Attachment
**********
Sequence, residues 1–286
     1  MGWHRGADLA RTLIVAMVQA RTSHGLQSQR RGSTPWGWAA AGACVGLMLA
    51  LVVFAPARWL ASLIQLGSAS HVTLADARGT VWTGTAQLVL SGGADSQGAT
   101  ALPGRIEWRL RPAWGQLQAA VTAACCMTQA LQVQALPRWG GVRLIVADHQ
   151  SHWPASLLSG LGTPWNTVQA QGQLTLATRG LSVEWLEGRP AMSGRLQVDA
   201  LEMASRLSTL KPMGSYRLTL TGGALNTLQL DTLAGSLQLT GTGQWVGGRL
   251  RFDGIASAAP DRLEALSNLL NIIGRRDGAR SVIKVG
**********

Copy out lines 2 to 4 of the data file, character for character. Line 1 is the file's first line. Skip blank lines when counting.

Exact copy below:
     1  MGWHRGADLA RTLIVAMVQA RTSHGLQSQR RGSTPWGWAA AGACVGLMLA
    51  LVVFAPARWL ASLIQLGSAS HVTLADARGT VWTGTAQLVL SGGADSQGAT
   101  ALPGRIEWRL RPAWGQLQAA VTAACCMTQA LQVQALPRWG GVRLIVADHQ